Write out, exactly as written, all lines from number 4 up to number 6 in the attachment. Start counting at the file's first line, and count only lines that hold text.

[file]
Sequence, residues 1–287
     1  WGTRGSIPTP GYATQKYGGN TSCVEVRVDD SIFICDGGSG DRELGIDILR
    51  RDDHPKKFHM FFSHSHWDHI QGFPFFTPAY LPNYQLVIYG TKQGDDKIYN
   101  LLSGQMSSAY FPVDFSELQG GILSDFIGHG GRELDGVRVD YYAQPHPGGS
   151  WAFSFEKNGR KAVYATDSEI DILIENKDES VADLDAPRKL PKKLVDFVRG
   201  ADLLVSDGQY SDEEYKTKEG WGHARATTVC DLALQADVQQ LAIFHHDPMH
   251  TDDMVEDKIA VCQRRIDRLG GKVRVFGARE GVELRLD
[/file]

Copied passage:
   101  LLSGQMSSAY FPVDFSELQG GILSDFIGHG GRELDGVRVD YYAQPHPGGS
   151  WAFSFEKNGR KAVYATDSEI DILIENKDES VADLDAPRKL PKKLVDFVRG
   201  ADLLVSDGQY SDEEYKTKEG WGHARATTVC DLALQADVQQ LAIFHHDPMH